Health Law Lecture Series

Health Law Lecture Series

Organ Donation in the Context of Physician Assisted Dying

Jennifer Chandler, University of Ottawa 

November 24th, 2015

12:00-1:00 pm

Faculty of Law McLennan Ross Hall (Rooms 231/237)

The Supreme Court of Canada’s recent unanimous ruling in Carter v. Canada found that physician assisted death (PAD) is permissible for “a competent adult person who (1) clearly consents to the termination of life and (2) has a grievous and irremediable medical condition (including an illness, disease or disability) that causes enduring suffering that is intolerable to the individual in the circumstances of his or her condition.” The ruling opens the door for the possibility of organ donation (OD) after PAD. Cases of this type are likely to be rare, but it is also likely that a patient will eventually make this request. While countries such as Belgium have some experience with OD after PAD, the combined practice is ethically contentious and its potential application in a Canadian context has yet to be explored.

Jennifer Chandler, B.Sc. (Biology) (University of Western Ontario), LL.B. (Queen’s University), LL.M. (Harvard), joined the University of Ottawa’s Faculty of Law in 2002, after practising law in Canada with a national law firm and serving as a law clerk to the Hon. Mr. Justice John Sopinka of the Supreme Court of Canada. She is now an Associate Professor at the Faculty of Law, where she teaches “Mental Health Law and Neuroethics,” as well as “Medical-Legal Issues,” and “Tort Law.” She holds a reading group for students interested in ethico-legal questions raised by emerging research in cognitive neuroscience and behavioural genetics, as well as issues in mental health law. She has also taught a graduate level course called “Technoprudence,” which addresses the philosophy of law and technology. Jennifer Chandler researches and writes about the legal and ethical aspects of advances in biomedical science and technology, with particular interest in neuroethics, organ donation and regenerative medicine. Recently she has written on the legal implications of advances in neurotherapies and neuro-imaging technologies, regulatory policy related to medical practices such as organ donation and transplantation, and the ethics and law of scientific inquiry.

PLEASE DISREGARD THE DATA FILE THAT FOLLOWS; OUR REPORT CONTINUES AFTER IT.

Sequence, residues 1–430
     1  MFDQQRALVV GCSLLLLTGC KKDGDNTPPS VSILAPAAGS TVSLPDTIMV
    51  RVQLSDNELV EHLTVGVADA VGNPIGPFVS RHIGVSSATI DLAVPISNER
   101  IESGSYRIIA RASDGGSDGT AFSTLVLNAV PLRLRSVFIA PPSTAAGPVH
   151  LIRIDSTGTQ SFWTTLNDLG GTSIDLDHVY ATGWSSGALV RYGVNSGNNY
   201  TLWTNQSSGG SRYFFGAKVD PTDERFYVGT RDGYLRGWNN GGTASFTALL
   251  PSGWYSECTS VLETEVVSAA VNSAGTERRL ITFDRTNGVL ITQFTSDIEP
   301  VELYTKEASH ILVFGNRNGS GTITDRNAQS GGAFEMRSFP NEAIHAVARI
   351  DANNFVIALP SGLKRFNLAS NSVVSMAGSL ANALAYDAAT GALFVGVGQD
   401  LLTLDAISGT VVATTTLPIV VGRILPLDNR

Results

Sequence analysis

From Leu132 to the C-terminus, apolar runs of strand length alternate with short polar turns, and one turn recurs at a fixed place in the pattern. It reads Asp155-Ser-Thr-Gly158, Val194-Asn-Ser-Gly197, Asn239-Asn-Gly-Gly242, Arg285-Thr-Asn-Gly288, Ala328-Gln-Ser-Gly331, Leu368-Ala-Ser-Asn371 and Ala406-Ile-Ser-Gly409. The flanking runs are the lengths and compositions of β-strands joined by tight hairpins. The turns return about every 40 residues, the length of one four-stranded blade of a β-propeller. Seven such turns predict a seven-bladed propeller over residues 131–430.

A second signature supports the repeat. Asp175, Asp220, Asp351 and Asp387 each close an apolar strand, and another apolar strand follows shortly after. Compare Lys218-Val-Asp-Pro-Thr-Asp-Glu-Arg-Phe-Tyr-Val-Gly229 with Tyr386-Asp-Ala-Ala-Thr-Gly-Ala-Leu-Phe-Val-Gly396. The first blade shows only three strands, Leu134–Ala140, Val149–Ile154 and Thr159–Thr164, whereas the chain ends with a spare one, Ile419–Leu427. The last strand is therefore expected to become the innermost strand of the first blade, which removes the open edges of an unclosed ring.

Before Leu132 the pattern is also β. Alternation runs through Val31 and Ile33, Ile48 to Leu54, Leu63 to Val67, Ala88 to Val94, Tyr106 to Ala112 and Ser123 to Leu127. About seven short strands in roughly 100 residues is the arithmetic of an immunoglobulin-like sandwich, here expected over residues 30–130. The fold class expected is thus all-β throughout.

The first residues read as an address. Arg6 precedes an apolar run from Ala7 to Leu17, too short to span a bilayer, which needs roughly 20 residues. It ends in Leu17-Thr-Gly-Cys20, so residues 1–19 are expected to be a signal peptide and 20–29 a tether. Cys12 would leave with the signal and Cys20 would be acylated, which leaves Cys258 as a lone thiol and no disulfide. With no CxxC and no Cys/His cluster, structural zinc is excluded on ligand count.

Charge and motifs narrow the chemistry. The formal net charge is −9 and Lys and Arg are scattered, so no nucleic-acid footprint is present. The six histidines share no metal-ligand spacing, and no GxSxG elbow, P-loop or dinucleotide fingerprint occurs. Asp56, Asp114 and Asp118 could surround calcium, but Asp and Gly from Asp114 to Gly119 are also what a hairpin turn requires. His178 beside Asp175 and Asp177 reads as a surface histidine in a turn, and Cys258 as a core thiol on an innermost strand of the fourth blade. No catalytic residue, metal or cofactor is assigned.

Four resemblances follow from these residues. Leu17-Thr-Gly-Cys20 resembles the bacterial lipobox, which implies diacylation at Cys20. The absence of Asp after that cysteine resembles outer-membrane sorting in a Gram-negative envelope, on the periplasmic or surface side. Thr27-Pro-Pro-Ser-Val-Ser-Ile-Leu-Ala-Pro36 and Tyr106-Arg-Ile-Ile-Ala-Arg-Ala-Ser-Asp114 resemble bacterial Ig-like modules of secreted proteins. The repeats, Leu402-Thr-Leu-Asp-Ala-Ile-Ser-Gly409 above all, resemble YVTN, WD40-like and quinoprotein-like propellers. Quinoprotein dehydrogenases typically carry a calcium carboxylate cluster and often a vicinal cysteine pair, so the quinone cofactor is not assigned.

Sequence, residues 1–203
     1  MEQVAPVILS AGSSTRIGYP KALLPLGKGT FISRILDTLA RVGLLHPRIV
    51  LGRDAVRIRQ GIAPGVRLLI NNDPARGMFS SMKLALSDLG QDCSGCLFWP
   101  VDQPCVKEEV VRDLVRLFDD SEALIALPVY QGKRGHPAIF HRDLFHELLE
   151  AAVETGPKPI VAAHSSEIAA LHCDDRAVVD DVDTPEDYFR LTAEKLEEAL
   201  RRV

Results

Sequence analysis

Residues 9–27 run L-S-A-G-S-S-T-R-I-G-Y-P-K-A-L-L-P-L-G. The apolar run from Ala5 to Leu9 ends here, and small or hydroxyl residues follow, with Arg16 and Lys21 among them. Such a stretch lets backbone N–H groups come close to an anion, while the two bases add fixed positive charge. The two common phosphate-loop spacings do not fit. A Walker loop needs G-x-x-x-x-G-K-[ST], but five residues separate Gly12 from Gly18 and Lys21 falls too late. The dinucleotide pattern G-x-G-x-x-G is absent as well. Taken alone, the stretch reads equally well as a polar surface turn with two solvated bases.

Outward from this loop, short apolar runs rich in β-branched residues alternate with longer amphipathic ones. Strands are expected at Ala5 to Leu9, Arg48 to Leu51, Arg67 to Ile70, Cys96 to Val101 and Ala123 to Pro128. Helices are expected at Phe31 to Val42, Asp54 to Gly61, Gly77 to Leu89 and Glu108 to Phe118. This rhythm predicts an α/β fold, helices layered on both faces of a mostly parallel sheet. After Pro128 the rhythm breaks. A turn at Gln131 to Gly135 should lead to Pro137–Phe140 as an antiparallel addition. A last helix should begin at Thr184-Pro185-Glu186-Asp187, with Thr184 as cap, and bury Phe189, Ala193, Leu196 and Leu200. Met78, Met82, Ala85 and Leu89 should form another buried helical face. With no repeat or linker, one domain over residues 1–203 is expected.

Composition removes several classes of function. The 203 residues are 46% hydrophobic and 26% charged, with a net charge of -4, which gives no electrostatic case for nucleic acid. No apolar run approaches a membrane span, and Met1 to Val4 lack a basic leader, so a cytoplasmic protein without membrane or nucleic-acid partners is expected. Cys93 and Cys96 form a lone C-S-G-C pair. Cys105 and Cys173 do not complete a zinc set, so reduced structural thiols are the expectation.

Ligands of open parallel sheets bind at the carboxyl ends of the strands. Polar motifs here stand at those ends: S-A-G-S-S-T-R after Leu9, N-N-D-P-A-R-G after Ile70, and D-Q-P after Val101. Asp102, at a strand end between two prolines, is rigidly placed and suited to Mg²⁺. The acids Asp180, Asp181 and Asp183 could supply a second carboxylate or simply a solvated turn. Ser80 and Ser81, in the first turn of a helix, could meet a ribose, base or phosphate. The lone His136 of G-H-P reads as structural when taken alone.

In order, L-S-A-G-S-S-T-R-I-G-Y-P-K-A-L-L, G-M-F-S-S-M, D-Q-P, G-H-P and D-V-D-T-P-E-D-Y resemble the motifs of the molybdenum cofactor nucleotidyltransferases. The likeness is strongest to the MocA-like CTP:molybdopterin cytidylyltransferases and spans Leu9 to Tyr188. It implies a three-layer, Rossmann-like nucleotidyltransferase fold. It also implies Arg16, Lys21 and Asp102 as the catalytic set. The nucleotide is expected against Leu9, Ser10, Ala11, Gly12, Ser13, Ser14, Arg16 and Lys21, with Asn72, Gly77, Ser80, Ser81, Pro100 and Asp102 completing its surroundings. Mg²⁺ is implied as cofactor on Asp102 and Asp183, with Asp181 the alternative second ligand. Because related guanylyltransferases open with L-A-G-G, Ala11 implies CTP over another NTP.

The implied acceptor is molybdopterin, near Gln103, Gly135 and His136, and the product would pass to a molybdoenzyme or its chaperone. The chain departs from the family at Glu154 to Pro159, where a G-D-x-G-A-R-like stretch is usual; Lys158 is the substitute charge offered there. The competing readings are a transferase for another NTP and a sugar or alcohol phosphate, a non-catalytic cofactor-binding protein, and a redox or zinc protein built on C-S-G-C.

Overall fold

Please RSVP here .

%d bloggers like this: